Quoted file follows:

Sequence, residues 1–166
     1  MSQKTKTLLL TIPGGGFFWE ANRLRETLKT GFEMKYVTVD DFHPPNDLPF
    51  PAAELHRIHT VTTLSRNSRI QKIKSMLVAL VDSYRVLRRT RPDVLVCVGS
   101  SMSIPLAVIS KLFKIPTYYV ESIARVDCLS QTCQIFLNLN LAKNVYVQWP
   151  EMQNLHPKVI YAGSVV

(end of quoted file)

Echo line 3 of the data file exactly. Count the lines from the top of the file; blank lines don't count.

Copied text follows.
    51  PAAELHRIHT VTTLSRNSRI QKIKSMLVAL VDSYRVLRRT RPDVLVCVGS